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All Saints, Mugginton, Derbyshire

08/03/2016: (Being renovated). I am not an architect and I claim no expertise in the merits, styles or periods of church architecture. However, you don't have to be a cabinet maker to know that your table has a wonky leg. The outside of All Saints, Mugginton looks like someone has taken a south aisle from a different church and slammed it into the side of the nave. In a hurry. "Hang on, that window isn't quite right - don't worry, hack out a piece of the east wall of the aisle and it'll do." Had a builder done a job like that on my place I'd have chased him round the block with a hammer.

None of the lines on the new (14C) aisle line up with anything on the nave. The nave window would be partly obscured by the new east wall of the aisle, so they chopped in a chamfer to allow partial light into the existing window. The aisle roofline is higher than that of the nave... I repeat, I'm no expert, but the phrase dog's-dinner comes to mind. The Victorians carried out some renovation work in 1841 and 1862 so some of these issues may have been introduced at that time, but this is an odd looking building. Currently the builders are in, relaying floors (gradients instead of steps) and adding a new servery and a disabled toilet. As a result it would be unfair to comment generally on how the church looks inside, due to the inevitable builders' mess.

The village is nowadays called Mugginton, but various web pages mention it with another 'g' - Muggington. The letter carver who prepared John Beeston's headstone decided to cover both possibilities by using both spellings - one over the top of the other.

The letter cutter who prepared the headstone for George Warren did a respectable job... Apart from a couple of small glitches - a reversed N (the biggest one on the stone and right on the end of the name of the deceased) and a bit of a spelling mistake which had to be corrected.

Sometimes a headstone catches the eye not because it has errors, or is brash and gaudy, or involves someone of historical interest, but because it is simple, well worded and conveys the emotions of the family left behind. One such is the headstone for the 7 year old Mary Beighton. "This plain stone is inscribed by surviving kind relatives, to the memory of an amiable and affectionate girl".

In July 1856 George Slater died. His headstone is plain, simple, conveys the dates and names we expect, a doggerel verse at the bottom and very little adornment. The front is unexceptional in every way. The back, however, raises a few questions which we can't answer. The piece of slate appears to have been cut down from a larger headstone - unfortunately the date and full name have been truncated. The original wording looks perfectly ordinary - well cut, no gross errors, so we don't know why it was either never erected or erected and then retrieved to the letter cutters workshop.

Once back in the workshop it came in handy for the apprentice to try cutting some amateurish letters. Roman and san-serif letters have been cut all around the stone. They even attempted to add in a word to the original layout, adding "ALSO" in front of "TO PERPETUATE...". Then George Slater died and needed a headstone. Was George poor and his estate could not stretch to a fresh piece of slate? Was it expected that the back would be against a wall, flush with the ground or otherwise not to be seen? We don't know. We only know that the old headstone with its inscription and test lettering was cut down in size, turned over and a nice clean memorial carved. Then it was placed at the head of George's grave, where he lies hoping "at last with christ to rise and meet my friends again".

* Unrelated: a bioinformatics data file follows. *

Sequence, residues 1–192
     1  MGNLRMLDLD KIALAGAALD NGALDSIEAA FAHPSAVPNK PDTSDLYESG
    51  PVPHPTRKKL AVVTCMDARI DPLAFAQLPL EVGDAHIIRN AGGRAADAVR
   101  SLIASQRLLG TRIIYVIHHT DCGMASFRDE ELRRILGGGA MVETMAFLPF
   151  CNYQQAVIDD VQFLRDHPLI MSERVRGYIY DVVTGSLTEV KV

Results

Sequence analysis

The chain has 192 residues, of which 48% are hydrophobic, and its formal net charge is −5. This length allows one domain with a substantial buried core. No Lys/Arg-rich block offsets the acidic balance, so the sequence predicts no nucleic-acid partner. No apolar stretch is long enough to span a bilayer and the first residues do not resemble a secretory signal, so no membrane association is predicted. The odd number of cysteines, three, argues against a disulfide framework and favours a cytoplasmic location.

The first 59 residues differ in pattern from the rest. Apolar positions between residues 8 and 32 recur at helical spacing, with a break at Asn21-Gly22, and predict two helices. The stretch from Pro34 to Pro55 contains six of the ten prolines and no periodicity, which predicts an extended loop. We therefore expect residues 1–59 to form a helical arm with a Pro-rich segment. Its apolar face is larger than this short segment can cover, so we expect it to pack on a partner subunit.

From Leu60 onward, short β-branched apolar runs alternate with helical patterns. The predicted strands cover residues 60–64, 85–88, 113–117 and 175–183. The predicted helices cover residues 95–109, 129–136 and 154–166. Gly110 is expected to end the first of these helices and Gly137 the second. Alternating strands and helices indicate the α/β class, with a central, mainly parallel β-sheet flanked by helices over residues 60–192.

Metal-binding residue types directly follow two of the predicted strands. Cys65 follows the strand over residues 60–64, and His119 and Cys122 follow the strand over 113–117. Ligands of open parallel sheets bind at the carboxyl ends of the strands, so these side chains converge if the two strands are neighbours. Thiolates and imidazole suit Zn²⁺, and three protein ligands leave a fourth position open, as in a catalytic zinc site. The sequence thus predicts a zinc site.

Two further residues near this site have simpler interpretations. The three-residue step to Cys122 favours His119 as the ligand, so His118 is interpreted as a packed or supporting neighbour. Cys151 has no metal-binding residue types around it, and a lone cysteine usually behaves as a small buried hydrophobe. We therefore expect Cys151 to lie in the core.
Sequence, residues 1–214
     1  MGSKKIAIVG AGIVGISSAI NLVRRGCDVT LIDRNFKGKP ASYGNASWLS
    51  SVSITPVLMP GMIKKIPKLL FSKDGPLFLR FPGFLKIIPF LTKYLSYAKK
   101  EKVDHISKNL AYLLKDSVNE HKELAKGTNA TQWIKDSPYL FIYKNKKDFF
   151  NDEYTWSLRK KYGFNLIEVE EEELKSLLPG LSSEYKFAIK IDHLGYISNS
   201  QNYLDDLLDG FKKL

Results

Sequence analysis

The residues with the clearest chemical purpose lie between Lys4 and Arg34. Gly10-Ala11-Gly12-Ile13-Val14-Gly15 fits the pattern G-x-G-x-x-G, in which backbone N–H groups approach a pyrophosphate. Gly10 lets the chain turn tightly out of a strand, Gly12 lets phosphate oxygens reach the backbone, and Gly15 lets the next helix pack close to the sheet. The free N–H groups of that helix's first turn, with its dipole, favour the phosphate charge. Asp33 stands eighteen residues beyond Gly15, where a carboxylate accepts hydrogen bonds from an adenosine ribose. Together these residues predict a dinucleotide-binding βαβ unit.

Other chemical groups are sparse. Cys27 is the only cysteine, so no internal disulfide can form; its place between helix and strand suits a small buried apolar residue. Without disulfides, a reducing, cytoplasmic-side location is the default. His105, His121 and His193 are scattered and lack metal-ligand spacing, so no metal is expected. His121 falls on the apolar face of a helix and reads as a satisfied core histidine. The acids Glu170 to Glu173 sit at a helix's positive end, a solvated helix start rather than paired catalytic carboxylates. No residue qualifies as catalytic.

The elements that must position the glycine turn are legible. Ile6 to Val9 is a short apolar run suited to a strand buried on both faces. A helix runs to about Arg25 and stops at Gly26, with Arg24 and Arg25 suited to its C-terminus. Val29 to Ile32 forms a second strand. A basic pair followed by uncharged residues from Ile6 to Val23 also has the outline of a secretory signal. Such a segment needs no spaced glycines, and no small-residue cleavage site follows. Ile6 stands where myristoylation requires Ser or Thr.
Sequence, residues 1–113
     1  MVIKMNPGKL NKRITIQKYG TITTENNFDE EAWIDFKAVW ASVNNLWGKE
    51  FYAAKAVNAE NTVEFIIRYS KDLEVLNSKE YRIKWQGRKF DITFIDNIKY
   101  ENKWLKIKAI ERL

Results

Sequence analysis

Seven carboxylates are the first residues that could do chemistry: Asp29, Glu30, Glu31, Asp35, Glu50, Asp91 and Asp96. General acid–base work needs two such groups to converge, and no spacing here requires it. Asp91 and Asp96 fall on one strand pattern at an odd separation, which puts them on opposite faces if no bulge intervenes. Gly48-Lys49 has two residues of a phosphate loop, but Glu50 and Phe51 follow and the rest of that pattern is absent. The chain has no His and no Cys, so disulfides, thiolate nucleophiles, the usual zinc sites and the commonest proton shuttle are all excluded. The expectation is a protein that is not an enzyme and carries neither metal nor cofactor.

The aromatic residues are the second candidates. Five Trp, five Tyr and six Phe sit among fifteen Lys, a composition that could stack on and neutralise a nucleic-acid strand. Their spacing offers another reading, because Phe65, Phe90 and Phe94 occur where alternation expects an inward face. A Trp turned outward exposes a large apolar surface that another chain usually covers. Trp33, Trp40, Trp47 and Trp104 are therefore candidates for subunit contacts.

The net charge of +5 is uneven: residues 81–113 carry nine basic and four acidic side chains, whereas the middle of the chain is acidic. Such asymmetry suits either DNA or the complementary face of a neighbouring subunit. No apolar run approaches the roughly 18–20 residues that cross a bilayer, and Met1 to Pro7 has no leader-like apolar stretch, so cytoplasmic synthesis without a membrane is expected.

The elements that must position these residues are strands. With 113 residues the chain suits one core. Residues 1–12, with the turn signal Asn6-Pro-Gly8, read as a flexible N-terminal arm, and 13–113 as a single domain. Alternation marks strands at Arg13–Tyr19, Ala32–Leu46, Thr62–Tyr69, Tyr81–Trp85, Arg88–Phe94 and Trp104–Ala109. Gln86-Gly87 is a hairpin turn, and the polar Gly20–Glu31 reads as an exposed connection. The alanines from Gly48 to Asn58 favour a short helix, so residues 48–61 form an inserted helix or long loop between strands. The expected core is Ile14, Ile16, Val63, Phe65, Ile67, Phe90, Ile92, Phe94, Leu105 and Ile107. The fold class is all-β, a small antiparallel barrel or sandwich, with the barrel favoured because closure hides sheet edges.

Eliza Newbold outlived her husband Samuel by 19 years. We don't know if the joint headstone was prepared after she died, or if her details were added to the headstone already in place after Samuel died. The lettering on Eliza's part of the stone does show several errors, so it may have been cut by someone later. There are a number of reversed Ns and unusually a couple of reversed 9s.

The headstone for John and Mary Johnson is slightly roughly cut. He departed but she depated this life... The lettercarver had a momentary lapse of concentration during HENCEEORTH too.

During the 18th century at least two members of the Beard family were given the first name Jarvis/Gervas/Jervas, but the letter carvers (and perhaps the family) struggled to find a consistent spelling.

The west outer wall of the tower is propped up by a massive buttress, two thirds the height of the tower. When this was built the doorway in the west wall of the tower was blocked and in the 18th century a door inserted in the south wall of the tower. Only at the end of the 19th century was the arch between the belfry and the nave opened. On the side of the buttress at the south east corner of the chancel can be seen the remains of a sundial, cut into the stones. A rusted remnant of an iron gnomon is still in place. The numbers on the dial are in Roman numerals and patterns of dots.

When the builders have finished work inside and the place has been cleaned and rearranged I will return and add details of the memorials inside, but one caught my eye. A small engraved brass plaque, on a pillar between the nave and the south aisle to Exsuperius Turnor (and his wife Ann). St Oswald, Ashbourne has a headstone to an Exuperius Brown who died 24 years earlier.

© Copyright Poor Frank Raw, 2016